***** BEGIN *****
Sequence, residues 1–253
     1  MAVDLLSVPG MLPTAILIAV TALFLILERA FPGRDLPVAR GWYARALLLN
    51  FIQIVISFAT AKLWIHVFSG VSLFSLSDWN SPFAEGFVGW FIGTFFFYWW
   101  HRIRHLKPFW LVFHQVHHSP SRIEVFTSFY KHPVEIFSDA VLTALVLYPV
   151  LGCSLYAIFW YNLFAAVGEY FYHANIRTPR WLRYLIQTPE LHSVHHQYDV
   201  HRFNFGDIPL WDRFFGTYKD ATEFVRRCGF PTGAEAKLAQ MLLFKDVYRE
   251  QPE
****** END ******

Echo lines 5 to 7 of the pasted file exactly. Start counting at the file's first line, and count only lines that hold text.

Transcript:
   151  LGCSLYAIFW YNLFAAVGEY FYHANIRTPR WLRYLIQTPE LHSVHHQYDV
   201  HRFNFGDIPL WDRFFGTYKD ATEFVRRCGF PTGAEAKLAQ MLLFKDVYRE
   251  QPE